Now I would never pretend that life is rosy in Israel and that the Chareidim are the only ones who refuse to see it.  Is their government perfect?  Well let me ask you: is any government perfect?  I could find plenty to complain about my governments here in Canada at all three levels.  Certainly the United States is trying to win some kind of competition of "most dysfunctional government in the world" these days.  Yet I am also acutely aware that my governments do provide some important services for me, that once in a while my tax dollars go to good use so I have no trouble feeling some gratitude towards them even while hoping that they will become better at what they do.  Not in Israel.  It seems any sign of gratitude towards the government that provides them with billions of dollars and a safe environment to grow in is consiered assur l'gamreh.
Yet if this same government that can do no good threatens to cut back on the financial largesse that it hands the Chareidi sector then the screaming and shouting immediately begin.  How dare the government try to destroy Torah and Judaism in Israel?  Don't they know the Chareidim are the reason the state exists?  Don't they know that they have an obligation to send this money to this non-productive sector of the economy?
Entitlement.  Lack of hakaras hatov.
What's more, the modern attitude in the Chareidi commuity of "the more machmir the better" has taken this to a new level, the level of the fanatics in Ramat Beit Shemesh and Meah Shearim.  Taken to its extreme, lack of hakaras hatov become hate of one's benefactor while entitlement becomes bullying.  I don't just not want to say "thank you", I hate you for having given me anything at all which you better continue to do or I'll make your life miserable!
All the protests and riots seem to revolve around these two qualities, qualities which have been damaged by modern Chareidi philosophy but downright perverted by the fanatics.  Yes there is a world of difference between the average Chareidi who is disgusted by the fanatics and the fanatics themselves.  This does not change the fact that the sense of entitlement and dismissal of hakaras hatov that mainstream Chareidi philosophy endorses is the same as the sense of the fanatics, just not as intensely displayed.
To show that they stand against these whackjobs and within the ranks of civilized human beings, the Chareidim community needs to make a statement on this issue.  It's not enough to be like the Agudah and deplore the violence if not the goals of that violence.  There has to be a recognition that one can be grateful to the State of Israel without necessarily becoming an enthralled supporter of everything it does.  One can be kind and cooperative with one's fellow non-Chareidi, both religious and non-religious, without it being seen as an endorsement of that lifestyle.  One can step back and realize that publicly demanding things that most people around do not see as necessary or even desirable is not a kiddush HaShem but ultimately causes the opposite, Rachmana litzlan.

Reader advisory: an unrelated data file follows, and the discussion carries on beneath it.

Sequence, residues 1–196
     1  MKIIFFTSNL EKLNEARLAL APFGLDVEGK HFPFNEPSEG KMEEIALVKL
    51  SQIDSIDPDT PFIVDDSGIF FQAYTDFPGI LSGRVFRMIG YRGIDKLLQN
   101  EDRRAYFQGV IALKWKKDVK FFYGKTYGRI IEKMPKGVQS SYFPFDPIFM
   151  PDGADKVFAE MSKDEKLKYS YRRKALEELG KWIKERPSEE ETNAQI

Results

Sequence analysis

It is only with this kind of a sea change that Jewish society can take its needed step back from the brink and begin to function with any sense of cohesion again.


Anonymous said...

Thank you Garnel!

This is exactly what I have been saying and thinking for years. Like it would kill certain people to admit that the state, flawed as it is, deserves a bit of gratitude. Like the IDF, being made up of real people, their husbands and sons and daughters, deserves their gratitude for doing some things quite well.

As for your "moderate" haredi friend, after having lived here for 27 years, I no longer try to push anybody to stay here who doesn't want to. "Don't let the door hit you in the butt on the way out."

Anonymous said...


You're entitled to your opinion (of course!?) but are you thankful enough for the good things Chareidim routinely do?

Mighty Garnel Ironheart said...

Okay first of all, could you guys pick a moniiker? One Anonymous after the other is hard to keep track off. I don't need a name, serial number, rank or anything like that but a consistent title would help keep track of things.
And yes, I am very aware of the many important roles Chareidim have in maintain the survival of Torah Judaism. See Rav Yitzchak Adlerstein's latest piece on Cross Currents for example.
I think there are plenty of strengths in the Chareidi system but right now the weaknesses are obscuring them and ruining things for the community.
For example, what good is it having the "biggest" Poskim in the Jewish world if all we ever hear about from them is one ban after another? Yes, Ravs Eliashiv and Kanievsky put out incredible pieces of Torah but quick, what's the last you heard from them? The former said we should reject all secular society and the later doesn't know where Beit Shemesh is.
These concerns must be addressed.

Anony-moose said...

If some people are correct that the Kol Koreh bans etc. have names added in without authorization, maybe these don't shed any light on the Poskim's true opinions. Maybe the dreaded gatekeepers are behind these things.

Anonymous said...

I really hear you loud and clear, here! We have too much work to do towards ha'olam haba to believe so highly of ourselves that we've "arrived," because we're being taken care of like a child.

That's dignified living? No, that's when Amalek and Esau come from the rear and, c'v...